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Friday, February 25, 2011

Orbiter X - (BBC) (1959)

This is taken from our Times Past SCIFI Group posted by member Riklaa

Into Orbit with the Space Pioneers
(Text Is Taken from Radio Times Edition Dated 25/09/59)
The new Light Programme serial beginning on Monday, 'Orbiter X', introduced here by B. D. CHAPMAN, the scriptwriter, tells the story of a bid to conquer space. With the arrival of the Russian moon probe in the lunar Sea of Serenity a fortnight ago, scientific fact and fiction have become curiously interwoven. The time cannot be far distant when man himself will be setting foot on the moon, but such an undertaking still poses major problems, not least of which is the question of fuel for the return trip.

At the present time, a rocket consumes the bulk of its fuel during its breakaway from the earth. To make the return trip possible, a refueling point or terminal will be required beyond the limits of the atmosphere. This dual purpose could be served by a space station which would also be equipped with facilities such as a space laboratory, workshops, an observatory and, of course, living accommodation for the crew. I believe that we shall see such a station taking shape within the course of the next ten years or so, and it is this possibility which has given me the background of the new serial.

'Orbiter X' is, in fact, the code name of an imaginary space station which is to orbit around the earth like a giant sputnik. It is based on designs which have been proposed by a number of eminent scientists and takes the familiar pattern of a giant wheel, the shape which has been particularly advocated by Dr. Wernher von Braun. Travelling in a polar orbit, it will rapidly cover the entire globe. Accommodation is provided inside the plastic, self-sealing rim of the wheel; synthetic gravity will be produced by a steady rotation around the central hub.

When I first suggested the idea of the series to the BBC, I was asked what age group of listeners I would have in mind when I started writing the scripts. I said that I felt the programme could interest listeners of all ages, so long as the technical details and the action were kept within the realms of possibility.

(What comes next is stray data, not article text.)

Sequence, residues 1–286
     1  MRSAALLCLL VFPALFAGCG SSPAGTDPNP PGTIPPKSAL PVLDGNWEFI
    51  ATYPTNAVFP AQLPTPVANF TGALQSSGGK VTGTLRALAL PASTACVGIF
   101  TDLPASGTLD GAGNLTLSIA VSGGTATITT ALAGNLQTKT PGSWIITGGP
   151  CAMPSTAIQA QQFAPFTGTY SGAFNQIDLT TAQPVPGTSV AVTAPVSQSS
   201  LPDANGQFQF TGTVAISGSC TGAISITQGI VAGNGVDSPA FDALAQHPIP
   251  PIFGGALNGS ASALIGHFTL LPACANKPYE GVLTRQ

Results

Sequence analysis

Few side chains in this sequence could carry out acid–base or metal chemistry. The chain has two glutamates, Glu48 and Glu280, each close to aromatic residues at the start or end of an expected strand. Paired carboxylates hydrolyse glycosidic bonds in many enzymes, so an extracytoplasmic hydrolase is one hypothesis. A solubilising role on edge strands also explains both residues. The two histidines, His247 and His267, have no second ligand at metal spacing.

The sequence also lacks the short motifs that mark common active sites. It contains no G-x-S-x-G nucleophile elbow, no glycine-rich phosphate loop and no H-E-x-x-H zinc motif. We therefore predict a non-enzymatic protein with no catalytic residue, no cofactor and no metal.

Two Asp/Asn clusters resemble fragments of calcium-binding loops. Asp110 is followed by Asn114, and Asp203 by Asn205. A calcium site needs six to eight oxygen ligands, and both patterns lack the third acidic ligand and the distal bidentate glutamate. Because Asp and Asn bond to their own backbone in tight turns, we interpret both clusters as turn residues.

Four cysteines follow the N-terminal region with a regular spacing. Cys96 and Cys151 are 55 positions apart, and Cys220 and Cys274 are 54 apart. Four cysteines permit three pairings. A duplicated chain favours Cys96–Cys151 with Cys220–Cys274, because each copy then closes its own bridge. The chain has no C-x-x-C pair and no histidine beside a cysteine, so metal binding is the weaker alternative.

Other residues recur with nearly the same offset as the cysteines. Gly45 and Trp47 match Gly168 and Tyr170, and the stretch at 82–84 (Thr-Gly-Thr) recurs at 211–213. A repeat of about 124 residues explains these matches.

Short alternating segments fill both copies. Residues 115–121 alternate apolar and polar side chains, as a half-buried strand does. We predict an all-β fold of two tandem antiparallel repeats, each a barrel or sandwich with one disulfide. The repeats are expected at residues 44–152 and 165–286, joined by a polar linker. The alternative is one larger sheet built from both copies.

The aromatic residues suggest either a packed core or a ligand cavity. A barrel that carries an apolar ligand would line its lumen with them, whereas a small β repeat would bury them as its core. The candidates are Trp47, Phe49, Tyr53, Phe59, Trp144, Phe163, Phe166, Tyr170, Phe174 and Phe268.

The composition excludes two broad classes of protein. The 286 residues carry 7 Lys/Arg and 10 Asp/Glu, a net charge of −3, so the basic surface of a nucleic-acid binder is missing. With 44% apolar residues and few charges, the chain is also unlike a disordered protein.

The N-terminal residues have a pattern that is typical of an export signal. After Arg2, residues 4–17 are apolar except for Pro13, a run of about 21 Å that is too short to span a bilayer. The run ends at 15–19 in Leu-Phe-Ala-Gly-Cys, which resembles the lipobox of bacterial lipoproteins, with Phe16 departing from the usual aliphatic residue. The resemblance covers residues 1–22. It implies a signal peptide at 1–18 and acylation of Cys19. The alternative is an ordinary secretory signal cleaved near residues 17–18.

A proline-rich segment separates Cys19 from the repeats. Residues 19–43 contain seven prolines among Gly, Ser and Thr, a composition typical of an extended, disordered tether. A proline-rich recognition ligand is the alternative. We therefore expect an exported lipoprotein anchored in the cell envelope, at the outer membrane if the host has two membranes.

The story opens, therefore, in the not far distant future when the prefabricated components of the space station have been rocketed into orbit. They are about to be assembled by the space pioneers who must work in vacuum, a thousand miles above the surface of the earth. The work is being carried out by an imaginary organisation bearing the label Commonwealth Space Project, with headquarters at Woomera in Australia.

How will the spacemen react to their strange new environment? The producer, Charles Maxwell, is aiming at authenticity in his production of the serial, and in the first episode we shall accompany our leading characters as they experience zero gravity and its consequent weightlessness. When they step into space you will perhaps share their  emotions and remember that they are pioneers whose quiet determination
must match the spirit of the great explorers of the past.

The members of the space crew are played by John Carson, Andrew Crawford and Barrie Gosney, and towards the end of their first rehearsal the effects of playing a rather breathless scene inside their studio 'space helmets' helped them to achieve a remarkable sense of realism. A highly efficient and enthusiastic team led by Harry Morriss is providing special sound effects. As many as forty different recorded effects spin from the hands of Harry's assistant, Ian Cook, during the course of the first episode - four of five effects sometimes being blended together to produce one particular sound. For myself, I am hoping that the serial will not be outdated by the News before it starts!

Info Taken from http://www.whirligig-tv.co.uk/radio/orbiterx.htm
Info on that page researched by Kim Stevens.
According the the whirligig website Orbiter X was broadcast in 14
episodes. I have never seen a 14 episode version of this and only have 4
80-90 minute files.
File Type: MPEG 2 Layer III
Bit Rate: 40kbps
Frequency: 22050Hz
Channels: Mono

Orbiter X 1of4.mp3

Orbiter X 2of4.mp3

Orbiter X 3of4.mp3

Orbiter X 4of4.mp3


  1. I've been looking for the other 10 episodes, and then read somewhere that the episodes were only 30 minutes each, which leads me to assume that these 4 episodes is the entire show. Thought that might make anyone looking for the lost 10 episodes sleep a little better tonight ;-)

  2. I don't know if you're still looking, Cartazonon, but BBC Radio 4 Extra is currently (April 2016) rebroadcasting all 14 (30 min) episodes. They usually allow them to be heard online for up to 30 days and then they go inactive again.




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